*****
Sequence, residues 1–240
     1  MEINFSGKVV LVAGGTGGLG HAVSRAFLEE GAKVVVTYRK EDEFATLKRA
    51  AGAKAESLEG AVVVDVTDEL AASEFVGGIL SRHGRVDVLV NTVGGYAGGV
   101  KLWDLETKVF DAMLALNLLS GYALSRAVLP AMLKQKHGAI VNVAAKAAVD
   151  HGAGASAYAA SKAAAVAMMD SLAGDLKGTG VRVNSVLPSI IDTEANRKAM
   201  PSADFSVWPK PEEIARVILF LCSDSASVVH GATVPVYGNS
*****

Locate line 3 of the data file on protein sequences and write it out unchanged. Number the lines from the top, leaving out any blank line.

    51  AGAKAESLEG AVVVDVTDEL AASEFVGGIL SRHGRVDVLV NTVGGYAGGV